BufferedReaderPlayer: This will allow human players to play the game using the command line.
Now that we have our player, we can create a new Main class and add the following lines to play a game:
When we run it, it should present us with a menu of options and then print the board once have chosen our option. Our Tic-Tac-Toe game is now complete. But we sill need to add an MCTS player.
Adding an MCTS player
Now the fun begins - we can finally start implementing our MCTS agent. Before we get to the MCTS player, we need to create one thing. We need access to a node object that can be used to build our decision tree.
MctsNode: this class was created to be the building block of our decision tree. The class contains many fields, but they are all necessary for the MCTS algorithm.
- parent: keeps tracks of the parent node so that we can perform the backpropagation step of MCTS.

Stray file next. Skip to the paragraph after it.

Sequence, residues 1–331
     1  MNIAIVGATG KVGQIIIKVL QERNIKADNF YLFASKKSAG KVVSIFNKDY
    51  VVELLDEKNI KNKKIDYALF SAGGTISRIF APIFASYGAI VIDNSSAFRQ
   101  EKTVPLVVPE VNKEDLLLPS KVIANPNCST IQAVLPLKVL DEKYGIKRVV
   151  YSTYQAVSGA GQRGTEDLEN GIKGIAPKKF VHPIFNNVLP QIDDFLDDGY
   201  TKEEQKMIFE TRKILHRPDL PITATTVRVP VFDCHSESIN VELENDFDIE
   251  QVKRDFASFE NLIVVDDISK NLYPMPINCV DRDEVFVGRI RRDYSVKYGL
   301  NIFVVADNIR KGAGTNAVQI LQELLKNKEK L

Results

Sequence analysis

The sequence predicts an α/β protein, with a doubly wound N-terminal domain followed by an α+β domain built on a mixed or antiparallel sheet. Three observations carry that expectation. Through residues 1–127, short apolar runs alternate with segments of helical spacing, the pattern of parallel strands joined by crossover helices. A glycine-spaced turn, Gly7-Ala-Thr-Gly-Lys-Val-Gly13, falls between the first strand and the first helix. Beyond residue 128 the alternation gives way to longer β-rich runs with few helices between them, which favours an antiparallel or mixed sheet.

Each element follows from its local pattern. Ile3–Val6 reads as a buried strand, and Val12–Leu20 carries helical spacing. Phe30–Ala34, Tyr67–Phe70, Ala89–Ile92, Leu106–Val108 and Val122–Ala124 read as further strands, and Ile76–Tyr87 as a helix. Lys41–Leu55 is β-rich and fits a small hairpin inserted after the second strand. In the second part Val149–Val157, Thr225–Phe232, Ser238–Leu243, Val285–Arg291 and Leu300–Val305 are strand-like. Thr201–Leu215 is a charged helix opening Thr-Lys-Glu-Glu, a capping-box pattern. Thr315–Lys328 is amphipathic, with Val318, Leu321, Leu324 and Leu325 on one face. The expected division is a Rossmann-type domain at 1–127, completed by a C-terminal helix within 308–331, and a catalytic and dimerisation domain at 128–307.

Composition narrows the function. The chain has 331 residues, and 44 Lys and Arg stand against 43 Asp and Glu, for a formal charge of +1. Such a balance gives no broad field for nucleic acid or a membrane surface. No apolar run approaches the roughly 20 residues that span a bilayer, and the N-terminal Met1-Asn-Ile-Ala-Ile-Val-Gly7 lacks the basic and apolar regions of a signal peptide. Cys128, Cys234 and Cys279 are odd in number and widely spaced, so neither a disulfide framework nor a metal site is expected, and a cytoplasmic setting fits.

- numSimulations, reward, children, player: are all necessary because they are used in the formula for the selection policy.
- unexploredMoves: we want to keep track of unexpanded nodes because we need them for the the expansion part of the algorithm.
- moveUsedToGetToNode: this is an interesting one. The thing about the MCTS algorithm is that it builds its decision tree by performing moves on the game. Imagine in Chess, if a player kept moving all the pieces of the board around every time they were thinking about their move. This would be a mess, they might not even remember where all the pieces were before they started moving. In the same way that Chess players must think about their moves in their heads, MCTS must make it's moves on a copy of the game. Instead of the original game. At each node, the MCTS algorithm could store a copy of the game at that node or it could store just the move it used to get to the node from the parent node. It is generally more memory efficient to store only the move.